After watching the film “To Walk Invisible: The Bronte Sisters,” I became interested in learning more about Charlotte Bronte. A positive review in PubAfter watching the film “To Walk Invisible: The Bronte Sisters,” I became interested in learning more about Charlotte Bronte. A positive review in Publisher’s Weekly led me to Claire Harman’s book “Charlotte Bronte: A Fiery Heart.” This thoroughly researched biography succeeds in bringing to life the world of the Brontes and their home in Haworth in the West Yorkshire part of England. Patrick and Maria Bronte had 6 children, four of whom survived into adulthood. Of these four survivors, three became celebrated authors but not a single one of them lived to see their fortieth birthday. Charlotte, Branwell, Emily and Anne Bronte were close as children and all had active imaginations which led to the creations of epic fantasy worlds and role-playing games. The creation of these worlds led to their first writing efforts, often in the form of miniature, handmade books that needed a magnifying glass to be read.
Tragedy haunted their lives, first with the death of their mother, then with the death of the two oldest Bronte girls, Maria and Elizabeth who at ages 10 and 11 contracted TB while away at a boarding school. Cancer took the life of their aunt, who helped raise the surviving children and cholera took the life of a close friend, but tuberculosis was the specter that seemed to stalk the entire family. Branwell’s descent into alcoholism and drug-addiction, another family tragedy, gave the disease an easy target and brought about his early demise.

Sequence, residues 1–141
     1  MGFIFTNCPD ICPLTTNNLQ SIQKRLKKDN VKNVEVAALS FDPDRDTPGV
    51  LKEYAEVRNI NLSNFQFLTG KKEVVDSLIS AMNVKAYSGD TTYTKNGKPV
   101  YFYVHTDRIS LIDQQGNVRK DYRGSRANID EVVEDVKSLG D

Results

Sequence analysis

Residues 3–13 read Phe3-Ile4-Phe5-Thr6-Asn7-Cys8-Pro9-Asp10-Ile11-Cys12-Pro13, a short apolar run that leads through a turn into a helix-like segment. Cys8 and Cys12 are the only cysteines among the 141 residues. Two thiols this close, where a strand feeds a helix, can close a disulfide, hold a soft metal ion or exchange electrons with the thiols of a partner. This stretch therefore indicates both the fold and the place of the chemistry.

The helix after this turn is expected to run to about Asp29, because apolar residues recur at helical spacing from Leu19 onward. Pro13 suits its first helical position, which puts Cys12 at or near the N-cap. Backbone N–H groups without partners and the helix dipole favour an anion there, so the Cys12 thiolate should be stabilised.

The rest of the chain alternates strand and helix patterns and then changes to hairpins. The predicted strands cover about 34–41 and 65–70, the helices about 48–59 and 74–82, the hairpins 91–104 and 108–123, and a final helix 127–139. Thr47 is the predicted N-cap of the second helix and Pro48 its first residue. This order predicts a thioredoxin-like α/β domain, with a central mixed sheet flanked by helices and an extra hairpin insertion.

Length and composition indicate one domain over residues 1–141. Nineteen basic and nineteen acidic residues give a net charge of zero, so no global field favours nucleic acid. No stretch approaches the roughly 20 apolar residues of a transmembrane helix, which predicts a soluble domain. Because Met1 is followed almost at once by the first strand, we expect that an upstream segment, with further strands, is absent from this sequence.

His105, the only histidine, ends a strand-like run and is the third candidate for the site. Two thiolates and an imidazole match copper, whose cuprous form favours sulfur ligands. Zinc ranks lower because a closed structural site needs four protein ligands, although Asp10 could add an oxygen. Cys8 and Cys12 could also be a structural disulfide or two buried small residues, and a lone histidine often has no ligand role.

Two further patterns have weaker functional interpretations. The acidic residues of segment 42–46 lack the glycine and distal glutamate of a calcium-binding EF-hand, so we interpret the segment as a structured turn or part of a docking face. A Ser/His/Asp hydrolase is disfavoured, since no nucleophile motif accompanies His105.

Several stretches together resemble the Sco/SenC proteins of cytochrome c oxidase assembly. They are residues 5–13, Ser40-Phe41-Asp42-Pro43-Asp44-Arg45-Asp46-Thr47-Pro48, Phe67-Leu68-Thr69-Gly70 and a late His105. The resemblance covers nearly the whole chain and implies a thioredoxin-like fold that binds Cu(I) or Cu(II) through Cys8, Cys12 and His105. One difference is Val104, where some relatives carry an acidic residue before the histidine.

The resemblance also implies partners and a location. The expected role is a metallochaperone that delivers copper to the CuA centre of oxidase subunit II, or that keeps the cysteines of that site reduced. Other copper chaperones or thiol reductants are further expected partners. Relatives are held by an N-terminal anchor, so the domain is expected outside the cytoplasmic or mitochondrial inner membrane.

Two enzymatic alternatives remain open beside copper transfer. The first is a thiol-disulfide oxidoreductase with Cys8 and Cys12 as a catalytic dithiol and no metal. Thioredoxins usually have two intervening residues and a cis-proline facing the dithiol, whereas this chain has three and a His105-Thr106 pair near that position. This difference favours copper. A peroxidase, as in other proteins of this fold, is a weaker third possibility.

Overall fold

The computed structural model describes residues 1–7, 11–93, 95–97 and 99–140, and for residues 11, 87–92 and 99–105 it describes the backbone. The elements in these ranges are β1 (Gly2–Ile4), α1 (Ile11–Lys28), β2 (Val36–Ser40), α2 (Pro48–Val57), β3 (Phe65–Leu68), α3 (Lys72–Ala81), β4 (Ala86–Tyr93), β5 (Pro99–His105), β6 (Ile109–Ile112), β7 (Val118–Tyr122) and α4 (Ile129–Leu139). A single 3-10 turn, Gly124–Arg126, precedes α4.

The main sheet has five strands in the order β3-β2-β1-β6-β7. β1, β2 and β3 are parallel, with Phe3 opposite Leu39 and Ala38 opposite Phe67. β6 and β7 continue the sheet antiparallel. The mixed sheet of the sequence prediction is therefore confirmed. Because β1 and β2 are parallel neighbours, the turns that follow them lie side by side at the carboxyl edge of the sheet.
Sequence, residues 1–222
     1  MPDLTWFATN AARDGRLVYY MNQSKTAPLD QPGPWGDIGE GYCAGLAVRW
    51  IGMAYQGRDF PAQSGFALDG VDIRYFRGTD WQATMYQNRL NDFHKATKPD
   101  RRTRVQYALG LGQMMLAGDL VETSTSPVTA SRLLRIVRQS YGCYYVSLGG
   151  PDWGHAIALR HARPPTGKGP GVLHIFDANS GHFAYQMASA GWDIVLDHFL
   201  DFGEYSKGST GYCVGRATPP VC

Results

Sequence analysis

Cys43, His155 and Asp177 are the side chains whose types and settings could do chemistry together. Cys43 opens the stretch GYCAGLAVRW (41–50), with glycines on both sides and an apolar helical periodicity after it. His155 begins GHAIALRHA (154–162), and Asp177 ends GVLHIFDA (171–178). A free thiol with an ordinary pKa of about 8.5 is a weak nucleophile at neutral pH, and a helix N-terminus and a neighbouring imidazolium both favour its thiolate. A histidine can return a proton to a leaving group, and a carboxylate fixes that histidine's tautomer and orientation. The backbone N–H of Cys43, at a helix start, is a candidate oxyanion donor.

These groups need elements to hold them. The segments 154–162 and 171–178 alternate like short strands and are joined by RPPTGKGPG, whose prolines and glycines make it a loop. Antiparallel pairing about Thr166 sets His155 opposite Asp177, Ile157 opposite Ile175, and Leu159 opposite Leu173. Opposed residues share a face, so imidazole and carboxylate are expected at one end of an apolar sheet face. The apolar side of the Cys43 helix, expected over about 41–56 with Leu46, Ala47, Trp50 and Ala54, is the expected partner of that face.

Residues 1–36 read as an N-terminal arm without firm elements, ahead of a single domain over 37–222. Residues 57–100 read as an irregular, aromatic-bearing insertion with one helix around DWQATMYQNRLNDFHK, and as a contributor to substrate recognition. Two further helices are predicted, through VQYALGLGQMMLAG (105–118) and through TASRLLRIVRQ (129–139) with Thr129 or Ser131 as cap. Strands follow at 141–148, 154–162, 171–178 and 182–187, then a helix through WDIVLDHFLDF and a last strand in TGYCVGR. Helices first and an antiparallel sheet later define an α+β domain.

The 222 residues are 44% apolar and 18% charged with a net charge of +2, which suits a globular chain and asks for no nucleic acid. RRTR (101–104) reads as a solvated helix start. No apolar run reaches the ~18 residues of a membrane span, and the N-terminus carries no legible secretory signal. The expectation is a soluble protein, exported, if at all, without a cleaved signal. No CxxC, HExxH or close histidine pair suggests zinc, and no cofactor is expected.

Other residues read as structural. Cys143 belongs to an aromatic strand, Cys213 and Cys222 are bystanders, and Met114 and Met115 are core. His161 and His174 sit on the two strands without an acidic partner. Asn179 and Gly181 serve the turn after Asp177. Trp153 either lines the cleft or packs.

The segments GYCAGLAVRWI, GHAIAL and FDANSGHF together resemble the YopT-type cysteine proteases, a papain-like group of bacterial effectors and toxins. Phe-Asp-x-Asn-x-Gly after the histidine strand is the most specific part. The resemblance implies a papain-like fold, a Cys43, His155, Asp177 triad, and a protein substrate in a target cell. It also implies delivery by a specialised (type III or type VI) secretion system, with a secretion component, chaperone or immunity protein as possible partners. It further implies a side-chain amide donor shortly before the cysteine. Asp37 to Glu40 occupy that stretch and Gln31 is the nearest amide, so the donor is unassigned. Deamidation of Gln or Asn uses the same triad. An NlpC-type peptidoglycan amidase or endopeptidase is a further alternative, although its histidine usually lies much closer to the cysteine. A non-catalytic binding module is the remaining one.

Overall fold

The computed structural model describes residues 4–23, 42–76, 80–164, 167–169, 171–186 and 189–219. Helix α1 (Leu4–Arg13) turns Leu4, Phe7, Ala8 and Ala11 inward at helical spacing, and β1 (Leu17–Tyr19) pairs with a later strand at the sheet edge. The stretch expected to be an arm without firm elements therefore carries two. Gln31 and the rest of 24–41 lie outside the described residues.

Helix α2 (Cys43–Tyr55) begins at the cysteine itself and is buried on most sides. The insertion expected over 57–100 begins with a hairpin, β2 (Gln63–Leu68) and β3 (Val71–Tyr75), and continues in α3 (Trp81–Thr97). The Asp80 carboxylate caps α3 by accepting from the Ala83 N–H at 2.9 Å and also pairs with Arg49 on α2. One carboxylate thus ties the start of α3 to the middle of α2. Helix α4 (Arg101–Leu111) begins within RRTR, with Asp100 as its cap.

Even before his death, Branwell’s illness spurred his sisters to find a way to support themselves. Realizing that their father was getting old and would at some point no longer be able to perform his duties as curate at the parsonage where they lived, and that Branwell would never be able to provide a means for helping support them, the sisters took various jobs as teachers and governesses. When these positions didn’t work out, they retreated to the safety of their beloved parsonage home in Haworth. It was in the parsonage where they began writing in earnest and with Charlotte’s prodding led them to start looking for ways to be published. Their first book, basically a self-published collection of poems didn’t sell well, but gradually it began to bring them some attention.
Within a year of Branwell’s death, both Emily and Anne would also be felled by TB. Fortunately, Emily and Anne did live to see the publication of their novels (“Wuthering Heights,” Agnes Grey,” “The Tenant of Wildfell Hall”) and to witness the even greater success of Charlotte’s ground-breaking, “Jane Eyre.” Charlotte’s masterpiece, published under a gender-neutral pseudonym (as were the works of her sisters) took the literary world by storm. Its powerful testimony from a child’s point-of-view (it was the first novel to use a child as a first-person narrator) of abuse in a boarding school and its rebellious heroine was an eye-opener to a public that was conditioned to children being seen and not heard. The book ended up being a hard act for Charlotte to follow and though she published two more novels before her untimely death at age 38, neither of them found the success of her first work.
If you're a fan of the Bronte's, I highly recommend this engaging and fascinating biography. ...more